EGU21-1272
https://doi.org/10.5194/egusphere-egu21-1272
EGU General Assembly 2021
© Author(s) 2021. This work is distributed under
the Creative Commons Attribution 4.0 License.

Statistical modelling of measurement error in wet chemistry soil data

Cynthia van Leeuwen1,2, Titia Mulder1, Niels Batjes2, and Gerard Heuvelink1,2
Cynthia van Leeuwen et al.
  • 1Soil Geography and Landscape Group, Wageningen University and Research, Wageningen, The Netherlands (cynthia.vanleeuwen@wur.nl)
  • 2ISRIC - World Soil Information, Wageningen, The Netherlands

There is a growing demand for high quality soil data to model soil processes and map soil properties. However, wet chemistry measurements on soil properties are subjected to many error sources, such as the observer, the instrument and lack of standardised methodologies. Consequently, soil data are imperfect and uncertain because of these error sources. Uncertainties in measurements of fundamental soil properties can propagate through, e.g., pedotransfer functions, spectroscopic models and digital soil mapping algorithms. Therefore, it is important to provide detailed uncertainty information about soil measurements to potential data users. In practice, uncertainty estimates are rarely specified by providers of analytical soil data.

In this research, we aimed to quantify uncertainties in synthetic and real-world pH (1:1 soil-water suspension) and Total Organic Carbon (TOC) measurements. We assumed that uncertainty can be represented by a normal distribution. A linear mixed-effects model was applied to estimate the parameters of the normal distribution, i.e., mean and standard deviation, of both synthetic and real-world datasets. The model included ‘sample ID’ as a fixed effect, and ‘batch’ and ‘laboratory’ as random effects. The use of synthetic datasets allowed us to investigate how well the model parameters could be estimated given a specific experimental measurement design, whereas the real-world case served to explore if the parameter estimates were still accurate for such unbalanced datasets.

For a balanced dataset (n=20, n=100, n=200 and n=500), using synthetic pH data for three hypothetical laboratories (two batches per laboratory), the mean estimated standard deviations (σ) of the random effects were σbatch=0.10, σlaboratory=0.24 and σresidual=0.2. These estimates were in agreement with the σ for the respective random effects used to generate the synthetic dataset, meaning that the model could accurately estimate the model parameters. Subsequently, changes were made to the experimental measurement design by randomly removing 20%, 50% and 80% of the data, resulting in unbalanced datasets. In general, the interquartile range (IQR) of σ for each random effect increased with a larger percentage of removed data. However, the increase in IQR was larger for n=20 compared to, e.g., n=200. When comparing 0% and 80% randomly removed data, the IQR for the batch effect increased with 60.3%. Conversely, for n=200 an increase of only 23.5% was observed.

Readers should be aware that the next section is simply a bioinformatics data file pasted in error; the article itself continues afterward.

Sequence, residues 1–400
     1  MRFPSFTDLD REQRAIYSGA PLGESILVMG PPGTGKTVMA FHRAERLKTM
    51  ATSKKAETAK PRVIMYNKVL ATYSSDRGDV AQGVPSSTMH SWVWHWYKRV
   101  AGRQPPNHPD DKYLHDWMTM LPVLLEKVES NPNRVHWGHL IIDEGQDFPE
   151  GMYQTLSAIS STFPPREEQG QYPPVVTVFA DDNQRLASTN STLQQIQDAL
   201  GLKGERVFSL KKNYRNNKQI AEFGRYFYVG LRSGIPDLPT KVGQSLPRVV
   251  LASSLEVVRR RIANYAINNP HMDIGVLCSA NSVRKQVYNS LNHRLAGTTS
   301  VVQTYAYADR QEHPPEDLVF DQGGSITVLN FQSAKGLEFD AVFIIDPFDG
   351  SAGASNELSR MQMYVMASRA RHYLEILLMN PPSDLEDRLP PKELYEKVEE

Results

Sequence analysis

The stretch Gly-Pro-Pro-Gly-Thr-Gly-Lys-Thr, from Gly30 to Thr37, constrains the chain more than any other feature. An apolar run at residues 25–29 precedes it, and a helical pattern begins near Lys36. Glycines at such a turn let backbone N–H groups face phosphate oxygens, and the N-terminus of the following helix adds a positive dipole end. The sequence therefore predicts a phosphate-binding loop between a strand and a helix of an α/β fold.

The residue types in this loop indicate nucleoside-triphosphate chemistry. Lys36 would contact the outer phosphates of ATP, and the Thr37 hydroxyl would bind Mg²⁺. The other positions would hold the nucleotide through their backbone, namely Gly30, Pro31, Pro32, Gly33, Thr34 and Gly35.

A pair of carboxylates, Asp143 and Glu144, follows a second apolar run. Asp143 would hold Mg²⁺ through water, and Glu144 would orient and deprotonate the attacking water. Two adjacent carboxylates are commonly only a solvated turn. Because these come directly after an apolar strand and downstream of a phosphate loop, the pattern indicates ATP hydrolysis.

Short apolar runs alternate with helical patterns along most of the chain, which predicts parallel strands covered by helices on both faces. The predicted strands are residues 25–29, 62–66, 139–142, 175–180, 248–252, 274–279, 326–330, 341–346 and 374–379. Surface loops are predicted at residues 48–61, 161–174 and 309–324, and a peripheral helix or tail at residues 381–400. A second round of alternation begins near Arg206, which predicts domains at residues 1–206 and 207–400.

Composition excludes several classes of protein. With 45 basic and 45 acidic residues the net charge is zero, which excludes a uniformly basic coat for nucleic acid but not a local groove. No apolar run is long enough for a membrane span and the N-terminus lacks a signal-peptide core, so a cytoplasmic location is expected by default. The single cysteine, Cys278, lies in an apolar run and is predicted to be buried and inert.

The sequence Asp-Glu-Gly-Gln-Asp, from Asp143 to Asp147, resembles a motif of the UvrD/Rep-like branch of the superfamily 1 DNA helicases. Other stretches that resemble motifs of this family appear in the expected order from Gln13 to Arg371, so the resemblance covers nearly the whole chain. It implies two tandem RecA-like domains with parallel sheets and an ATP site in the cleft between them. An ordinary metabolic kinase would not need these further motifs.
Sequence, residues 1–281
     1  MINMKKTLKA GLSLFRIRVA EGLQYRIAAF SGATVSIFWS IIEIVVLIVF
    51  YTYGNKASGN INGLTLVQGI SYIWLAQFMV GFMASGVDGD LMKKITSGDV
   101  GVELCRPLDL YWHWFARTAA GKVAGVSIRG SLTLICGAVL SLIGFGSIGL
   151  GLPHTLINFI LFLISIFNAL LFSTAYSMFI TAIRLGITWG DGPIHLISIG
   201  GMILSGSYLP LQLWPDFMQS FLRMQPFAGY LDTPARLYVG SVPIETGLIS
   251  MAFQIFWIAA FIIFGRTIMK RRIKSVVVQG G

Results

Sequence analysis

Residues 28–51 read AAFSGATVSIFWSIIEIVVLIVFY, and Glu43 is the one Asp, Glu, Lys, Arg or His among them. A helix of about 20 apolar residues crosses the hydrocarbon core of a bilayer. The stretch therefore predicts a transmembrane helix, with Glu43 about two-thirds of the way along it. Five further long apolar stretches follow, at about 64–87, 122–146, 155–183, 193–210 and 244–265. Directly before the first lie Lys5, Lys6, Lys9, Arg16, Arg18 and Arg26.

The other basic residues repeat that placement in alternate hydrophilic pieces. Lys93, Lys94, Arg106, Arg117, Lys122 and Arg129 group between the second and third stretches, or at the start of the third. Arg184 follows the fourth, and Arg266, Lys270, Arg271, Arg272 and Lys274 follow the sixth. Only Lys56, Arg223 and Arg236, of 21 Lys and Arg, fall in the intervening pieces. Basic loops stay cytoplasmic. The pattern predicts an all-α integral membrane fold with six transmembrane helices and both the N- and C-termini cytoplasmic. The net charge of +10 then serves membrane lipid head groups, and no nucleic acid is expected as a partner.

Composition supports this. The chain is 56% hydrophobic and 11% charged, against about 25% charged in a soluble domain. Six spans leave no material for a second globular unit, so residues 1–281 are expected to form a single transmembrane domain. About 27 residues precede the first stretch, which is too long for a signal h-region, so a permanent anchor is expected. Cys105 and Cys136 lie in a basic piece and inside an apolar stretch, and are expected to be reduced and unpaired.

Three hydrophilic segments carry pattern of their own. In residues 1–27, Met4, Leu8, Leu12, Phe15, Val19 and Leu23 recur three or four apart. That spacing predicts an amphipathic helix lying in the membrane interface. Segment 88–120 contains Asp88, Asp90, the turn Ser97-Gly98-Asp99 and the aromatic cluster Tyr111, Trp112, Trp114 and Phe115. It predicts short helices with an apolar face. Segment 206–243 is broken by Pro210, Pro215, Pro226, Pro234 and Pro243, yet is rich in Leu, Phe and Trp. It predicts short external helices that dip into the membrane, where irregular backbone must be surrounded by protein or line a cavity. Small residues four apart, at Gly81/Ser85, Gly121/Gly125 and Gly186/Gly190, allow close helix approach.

Subsequently, the same model was fitted on real-world pH and TOC data, provided by the Wageningen Evaluating Programs for Analytical Laboratories (WEPAL). The unbalanced dataset structure was first reconstructed and filled with synthetically generated data, based on sample means and standard deviations derived from the measured data. The model was fitted on both datasets. For measured pH, the model yielded σbatch=0.27, σlaboratory=0.17 and σresidual=0.10. The IQRs of the estimated σ from synthetic WEPAL data were 0.04 (batch), 0.06 (laboratory) and 0.02 (residual). The model fitted on the measured TOC data estimated σbatch=5.3%, σlaboratory=2.8% and σresidual=2.1%. For the synthetic WEPAL data, IQRs of 1.3% (batch), 1.4% (laboratory) and 0.4% (residual) were determined for the estimated σ. These findings suggest that despite having a highly unbalanced dataset, realistic model parameter estimates can still be obtained.

How to cite: van Leeuwen, C., Mulder, T., Batjes, N., and Heuvelink, G.: Statistical modelling of measurement error in wet chemistry soil data, EGU General Assembly 2021, online, 19–30 Apr 2021, EGU21-1272, https://doi.org/10.5194/egusphere-egu21-1272, 2021.

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